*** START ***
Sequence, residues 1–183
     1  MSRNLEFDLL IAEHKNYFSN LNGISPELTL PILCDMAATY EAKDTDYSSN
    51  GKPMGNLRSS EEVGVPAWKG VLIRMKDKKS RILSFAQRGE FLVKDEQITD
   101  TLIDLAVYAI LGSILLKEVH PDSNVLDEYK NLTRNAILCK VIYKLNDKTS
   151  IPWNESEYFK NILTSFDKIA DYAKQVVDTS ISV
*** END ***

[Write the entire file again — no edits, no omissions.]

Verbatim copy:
Sequence, residues 1–183
     1  MSRNLEFDLL IAEHKNYFSN LNGISPELTL PILCDMAATY EAKDTDYSSN
    51  GKPMGNLRSS EEVGVPAWKG VLIRMKDKKS RILSFAQRGE FLVKDEQITD
   101  TLIDLAVYAI LGSILLKEVH PDSNVLDEYK NLTRNAILCK VIYKLNDKTS
   151  IPWNESEYFK NILTSFDKIA DYAKQVVDTS ISV